71 year-old Barbara Allen describes her hike along the Appalachian Trail



How to Hike As an Older Person

Two Parts:

No matter how fit you are, your muscles weaken rapidly past the age of sixty. Chasing after a young hiker with a giant pack will lead to exhaustion and injury. Be smart and train in advance to make your trek a great experience. Remember that you are never too old to learn and adapt.

Steps

Preparing in Advance

  1. Substitute heavy pack items.A heavy pack can damage your spine, make walking more difficult, and drain your energy. Aim to fit everything into a 45 liter (12 gallon) pack weighing no more than 8 kg (18 lbs), not counting water.
    • Instead of walk guides and maps, use a smartphone with books and a working GPS system installed. Walk guides are thick books and maps will tire your arms after extending them for a long period of time.
    • Replace a heavy camera with a smartphone or a small digital camera.
    • Coordinate with other hikers in the group so you don't bring extra materials. If possible, ask a younger person to carry some of your water for you.
  2. Exercise beforehand.'Training' for the walk is a good way to prepare yourself for what is to come. If you rarely exercise, it's a good idea to spend three months training. If you are already in shape, you may only need a shorter training period to strengthen your legs. Try one of the following exercises, ideally five or six days a week:
    • Put on a heavy pack, about 15 kg (33 lb). Walk for at least one hour, preferably on a path involving plenty of stairs.
    • If you don't have time for the walk, instead jog for at least thirty minutes at a slow and steady pace, raising a good sweat. Donotwear a pack while jogging, as it may cause injury.
  3. Lose weight if necessary.Your muscles are not as strong or fast as they were when you were younger, so they are subject to injury when overloaded. Extra weight will tax your muscles and increase your risk of heat stroke and other injuries. This is the hardest step in preparation for your walk, but it is very rewarding. Not only will it give you more strength for your hike, it can also assist with other weight-related problems.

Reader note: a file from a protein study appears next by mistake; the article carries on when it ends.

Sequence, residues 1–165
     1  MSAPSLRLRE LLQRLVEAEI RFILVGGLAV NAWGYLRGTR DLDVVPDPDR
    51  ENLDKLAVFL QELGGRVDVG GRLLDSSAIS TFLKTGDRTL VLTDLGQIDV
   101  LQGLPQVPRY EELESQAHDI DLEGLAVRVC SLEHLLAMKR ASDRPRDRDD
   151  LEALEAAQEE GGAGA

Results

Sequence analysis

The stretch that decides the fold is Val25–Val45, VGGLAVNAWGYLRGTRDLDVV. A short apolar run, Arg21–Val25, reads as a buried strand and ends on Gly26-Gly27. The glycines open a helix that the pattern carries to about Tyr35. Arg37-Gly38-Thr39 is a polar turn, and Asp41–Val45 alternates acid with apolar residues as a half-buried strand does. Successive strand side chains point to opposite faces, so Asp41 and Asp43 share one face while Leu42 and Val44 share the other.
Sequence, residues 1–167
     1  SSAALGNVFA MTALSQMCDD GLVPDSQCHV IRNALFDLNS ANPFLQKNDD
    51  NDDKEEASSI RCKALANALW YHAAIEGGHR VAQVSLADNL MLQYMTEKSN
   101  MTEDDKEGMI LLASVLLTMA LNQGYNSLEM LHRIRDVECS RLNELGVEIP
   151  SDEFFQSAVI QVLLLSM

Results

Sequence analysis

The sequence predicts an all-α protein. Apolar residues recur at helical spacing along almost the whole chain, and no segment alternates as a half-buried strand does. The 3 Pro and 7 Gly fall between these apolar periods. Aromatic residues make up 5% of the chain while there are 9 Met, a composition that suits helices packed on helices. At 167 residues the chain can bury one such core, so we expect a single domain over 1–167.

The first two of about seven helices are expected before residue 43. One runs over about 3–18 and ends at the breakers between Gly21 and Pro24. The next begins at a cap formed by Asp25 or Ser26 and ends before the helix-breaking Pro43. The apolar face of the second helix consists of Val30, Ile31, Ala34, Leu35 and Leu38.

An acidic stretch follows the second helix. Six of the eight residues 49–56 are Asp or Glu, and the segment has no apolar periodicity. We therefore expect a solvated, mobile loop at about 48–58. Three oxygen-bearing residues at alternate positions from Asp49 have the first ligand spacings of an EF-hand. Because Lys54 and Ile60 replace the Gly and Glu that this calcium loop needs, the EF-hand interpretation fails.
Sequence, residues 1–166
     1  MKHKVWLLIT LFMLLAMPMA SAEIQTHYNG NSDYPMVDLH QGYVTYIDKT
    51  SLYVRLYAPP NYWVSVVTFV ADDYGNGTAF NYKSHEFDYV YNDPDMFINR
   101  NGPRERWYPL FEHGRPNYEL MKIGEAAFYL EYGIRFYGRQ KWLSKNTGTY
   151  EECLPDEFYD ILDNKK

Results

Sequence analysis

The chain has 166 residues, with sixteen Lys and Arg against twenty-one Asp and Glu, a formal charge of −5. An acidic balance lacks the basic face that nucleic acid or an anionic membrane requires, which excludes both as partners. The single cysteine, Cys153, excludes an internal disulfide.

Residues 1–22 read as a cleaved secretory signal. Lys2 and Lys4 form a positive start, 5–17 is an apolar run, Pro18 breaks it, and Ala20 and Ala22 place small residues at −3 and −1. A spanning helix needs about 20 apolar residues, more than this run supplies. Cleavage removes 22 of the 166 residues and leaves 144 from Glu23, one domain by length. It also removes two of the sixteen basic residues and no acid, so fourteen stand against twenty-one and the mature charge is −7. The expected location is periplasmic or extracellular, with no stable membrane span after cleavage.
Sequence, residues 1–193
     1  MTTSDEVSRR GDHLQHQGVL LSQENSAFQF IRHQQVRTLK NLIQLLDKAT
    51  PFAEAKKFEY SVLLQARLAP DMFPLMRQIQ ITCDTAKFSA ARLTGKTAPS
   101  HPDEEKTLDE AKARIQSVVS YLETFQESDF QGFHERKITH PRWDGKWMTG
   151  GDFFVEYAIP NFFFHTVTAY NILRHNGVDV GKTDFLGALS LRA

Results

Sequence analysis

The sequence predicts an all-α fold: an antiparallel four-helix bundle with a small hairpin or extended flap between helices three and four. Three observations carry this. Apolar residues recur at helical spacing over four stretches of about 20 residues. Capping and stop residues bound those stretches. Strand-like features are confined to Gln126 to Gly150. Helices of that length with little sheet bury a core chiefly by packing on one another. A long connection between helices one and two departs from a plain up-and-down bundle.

4. Prepare for terrain and weather conditions.Read a hiking guide for the area you'll be traveling to. You may need special equipment if you expect snow, water crossings, or other difficult terrain.
    • Don't forget to pack appropriate hiking clothes. If the weather is variable, dress in layers. The lowest layer should be fabric that wicks moisture away from your skin.
    • If you haven't trekked in a long time, talk to more experienced hikers. They can help you choose gear, pack in a way that keeps your clothes dry, and offer other invaluable advice.
  5. Plan your accommodation.For multi-day hikes, arrange places to stay in advance when possible. Tents and bedding are very heavy to carry around all day, so only camp if you are fit and confident in your abilities. If you can find places that provide cooking equipment, you can save even more weight.
    • Many regions have made it illegal to camp, as fires, toilets, or litter can destroy the surrounding area.

Hiking

  1. Break the hike into stages.Check your map and mark the rest spots on today's hike. Be honest about how far you can walk without a break, and how far you can go in one day.
    • When hiking in mountainous terrain, take a break at least every 14–19 km (9–12 miles) on the ascent. On the way down, descend no more than 900 meters (3000 ft) of altitude before resting.
  2. Walk in the light.Expect to spend about eight hours on the move each day, including stops for morning tea, lunch, and afternoon tea. Plan to arrive at the night's stop with enough time to wash yourself, eat, drink and change into evening clothes to stop for the night.
  3. Take your time.Even if your pack is light and you feel you can travel faster, travel at an average of 1.5 miles per hour to avoid straining yourself. This may sound slow, but most hiking requires a lot of ascent and descent, which is a lot harder than walking flatland.
    • Avoid the 'red-zone'. These are very steep climbing stairs that can radically raise your heart rate to dangerous measures. Go to all extents to stay in the safe, guided paths.
  4. Take recovery days.If you're hiking for more than five days in a row, take a recovery day once a week. Take it easy, wash and dry your clothes, and introduce yourself to the locals. Your body needs time to rest.
    • If you're bored and feeling ready for more, you can spend the day on a gentle local hike. A day without a heavy pack will still make a big difference.

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  • If you are going somewhere without cell phone reception, find another method of contacting loved ones and emergency services. You may need to hire a professional guide with a satellite phone.





Video: Met Papi, Grannie, Old Goat & El-Camino Appalachian Trail Hikers!

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Date: 07.12.2018, 00:11 / Views: 53245